Jaguar Land Rover Opens Plant in Nitra, Ready to Double Production

Jaguar Land Rover's new production plant in Nitra (photo by TASR)

Nitra, October 25 (TASR) – Jaguar Land Rover officially opened its new production plant in Nitra Strategic Park on Thursday, TASR learnt on the same day.

The company now employs 1,500 people, and by the end of next year it should have 2,800 employees, said operations director Alexander Wortberg. Total production capacity is 150,000 cars a year.
The British company has invested €1.4 billion in the construction of the car plant, while another €129 million was provided by Slovakia as state aid for the construction project. “Slovakia has a healthy business environment attractive for major global investors. The Government supported this project with investment aid, and I’m pleased that the European Commission also approved the support a few days ago,” said Prime Minister Peter Pellegrini (Smer-SD).
The construction of the plant in Nitra was prepared by Jaguar Land Rover for four years, and construction itself began in September 2016. The new plant covers an area of 300,000 square metres. The first model to be produced at the factory is the Land Rover Discovery, which will be made exclusively in Nitra. “The next model is planned in the next two years, but we won’t specify it yet,” said Wortberg. The vehicles produced in Nitra will be sent to more than 170 countries. The company plans to export three quarters of its production by rail, the rest by road freight transport.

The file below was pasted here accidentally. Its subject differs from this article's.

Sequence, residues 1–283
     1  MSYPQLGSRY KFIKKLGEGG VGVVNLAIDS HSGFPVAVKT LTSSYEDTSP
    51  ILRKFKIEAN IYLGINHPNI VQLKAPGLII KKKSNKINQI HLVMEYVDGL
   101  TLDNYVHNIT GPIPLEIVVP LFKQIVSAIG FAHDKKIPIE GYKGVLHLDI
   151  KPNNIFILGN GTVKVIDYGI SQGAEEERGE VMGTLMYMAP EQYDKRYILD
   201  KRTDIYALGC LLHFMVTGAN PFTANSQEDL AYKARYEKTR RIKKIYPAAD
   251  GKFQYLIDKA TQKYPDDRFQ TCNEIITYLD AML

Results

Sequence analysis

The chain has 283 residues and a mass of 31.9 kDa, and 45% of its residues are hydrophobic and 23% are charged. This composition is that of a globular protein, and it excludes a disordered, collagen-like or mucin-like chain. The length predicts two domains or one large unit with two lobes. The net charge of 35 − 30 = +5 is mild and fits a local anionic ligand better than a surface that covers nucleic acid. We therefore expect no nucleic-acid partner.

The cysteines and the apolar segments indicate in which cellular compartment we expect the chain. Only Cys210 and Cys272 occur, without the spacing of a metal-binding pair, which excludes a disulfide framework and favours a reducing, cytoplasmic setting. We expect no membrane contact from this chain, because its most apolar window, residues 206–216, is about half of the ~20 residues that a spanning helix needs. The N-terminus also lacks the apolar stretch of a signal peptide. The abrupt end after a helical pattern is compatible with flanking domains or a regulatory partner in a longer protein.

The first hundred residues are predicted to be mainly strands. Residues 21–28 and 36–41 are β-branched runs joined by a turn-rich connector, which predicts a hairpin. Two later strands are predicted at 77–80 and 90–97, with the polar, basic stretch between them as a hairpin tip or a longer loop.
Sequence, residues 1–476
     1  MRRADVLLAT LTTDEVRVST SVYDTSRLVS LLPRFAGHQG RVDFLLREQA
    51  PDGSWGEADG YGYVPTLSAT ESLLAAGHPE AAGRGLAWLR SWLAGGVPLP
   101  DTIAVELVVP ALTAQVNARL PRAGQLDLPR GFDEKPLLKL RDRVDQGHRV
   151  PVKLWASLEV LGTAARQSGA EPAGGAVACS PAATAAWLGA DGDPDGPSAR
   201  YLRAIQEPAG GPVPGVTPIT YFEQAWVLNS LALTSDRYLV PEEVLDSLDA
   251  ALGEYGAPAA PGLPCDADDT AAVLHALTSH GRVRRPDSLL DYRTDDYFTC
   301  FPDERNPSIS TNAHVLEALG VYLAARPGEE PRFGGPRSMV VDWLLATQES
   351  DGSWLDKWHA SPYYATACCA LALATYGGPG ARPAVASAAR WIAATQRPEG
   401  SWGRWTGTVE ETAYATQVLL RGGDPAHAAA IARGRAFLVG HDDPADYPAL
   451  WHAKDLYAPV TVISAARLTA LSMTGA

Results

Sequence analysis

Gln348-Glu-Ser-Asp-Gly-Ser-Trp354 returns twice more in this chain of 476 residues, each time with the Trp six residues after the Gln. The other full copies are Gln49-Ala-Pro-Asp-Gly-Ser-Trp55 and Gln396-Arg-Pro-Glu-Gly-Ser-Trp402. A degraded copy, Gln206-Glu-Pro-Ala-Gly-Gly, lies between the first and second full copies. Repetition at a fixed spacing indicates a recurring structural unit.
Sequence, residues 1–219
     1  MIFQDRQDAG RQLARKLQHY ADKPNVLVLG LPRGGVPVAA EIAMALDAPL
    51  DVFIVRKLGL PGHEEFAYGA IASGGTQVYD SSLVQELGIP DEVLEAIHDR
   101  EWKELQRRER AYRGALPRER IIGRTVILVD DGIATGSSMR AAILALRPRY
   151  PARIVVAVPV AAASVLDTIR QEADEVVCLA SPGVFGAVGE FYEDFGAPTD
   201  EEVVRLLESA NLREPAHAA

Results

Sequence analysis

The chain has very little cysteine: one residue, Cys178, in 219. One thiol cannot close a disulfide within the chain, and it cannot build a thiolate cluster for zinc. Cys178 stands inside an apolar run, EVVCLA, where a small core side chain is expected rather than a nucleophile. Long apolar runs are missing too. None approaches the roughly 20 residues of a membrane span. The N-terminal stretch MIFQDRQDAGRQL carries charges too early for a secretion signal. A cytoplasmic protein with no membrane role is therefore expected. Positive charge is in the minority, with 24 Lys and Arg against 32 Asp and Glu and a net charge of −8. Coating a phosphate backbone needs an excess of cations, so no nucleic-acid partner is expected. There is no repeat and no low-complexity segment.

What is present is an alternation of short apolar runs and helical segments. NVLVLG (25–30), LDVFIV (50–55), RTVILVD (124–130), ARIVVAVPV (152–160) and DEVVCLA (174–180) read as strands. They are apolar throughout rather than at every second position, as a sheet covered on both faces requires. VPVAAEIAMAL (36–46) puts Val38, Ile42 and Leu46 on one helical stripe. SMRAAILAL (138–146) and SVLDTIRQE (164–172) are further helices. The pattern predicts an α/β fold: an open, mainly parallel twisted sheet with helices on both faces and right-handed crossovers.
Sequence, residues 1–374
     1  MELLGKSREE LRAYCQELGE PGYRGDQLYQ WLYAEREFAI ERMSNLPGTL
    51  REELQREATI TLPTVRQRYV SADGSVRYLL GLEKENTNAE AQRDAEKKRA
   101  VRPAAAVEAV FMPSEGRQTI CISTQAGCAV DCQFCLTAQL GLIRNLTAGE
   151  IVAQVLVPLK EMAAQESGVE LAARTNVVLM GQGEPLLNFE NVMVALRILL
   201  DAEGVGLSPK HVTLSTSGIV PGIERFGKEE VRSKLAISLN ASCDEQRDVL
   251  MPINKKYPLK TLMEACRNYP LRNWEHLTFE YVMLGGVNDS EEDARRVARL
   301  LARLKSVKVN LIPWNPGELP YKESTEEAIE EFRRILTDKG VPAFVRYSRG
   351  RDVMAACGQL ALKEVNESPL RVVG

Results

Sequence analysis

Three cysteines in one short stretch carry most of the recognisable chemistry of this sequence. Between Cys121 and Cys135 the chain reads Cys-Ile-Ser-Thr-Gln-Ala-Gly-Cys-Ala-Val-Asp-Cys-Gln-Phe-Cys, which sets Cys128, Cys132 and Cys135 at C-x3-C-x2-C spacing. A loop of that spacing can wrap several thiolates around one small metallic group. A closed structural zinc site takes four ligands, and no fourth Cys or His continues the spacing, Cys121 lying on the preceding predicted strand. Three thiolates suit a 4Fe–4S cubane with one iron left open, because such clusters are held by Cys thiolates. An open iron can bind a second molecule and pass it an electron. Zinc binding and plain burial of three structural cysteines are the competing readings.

The company is also ready to further expand its operations in Nitra. “We can double our capacity to 300,000 cars a year if the market situation allows. We’ve already begun with requests for factory expansion permits in order to be able to respond quickly when needed. However, we haven’t yet adopted a decision on capacity expansion,” stressed Wortberg.
According to the operations director, the decision to invest in Slovakia is part of a broader strategy that was adopted before the referendum on Brexit, and the current situation doesn’t affect the firm’s plans in Slovakia. “It’s important to maintain an open market that is set well in order to keep conditions unchanged. A hard Brexit could cause us big problems. We have components that we import from the UK. We’re getting ready for a variety of scenarios in order to make sure that their supply will be secure,” he stated.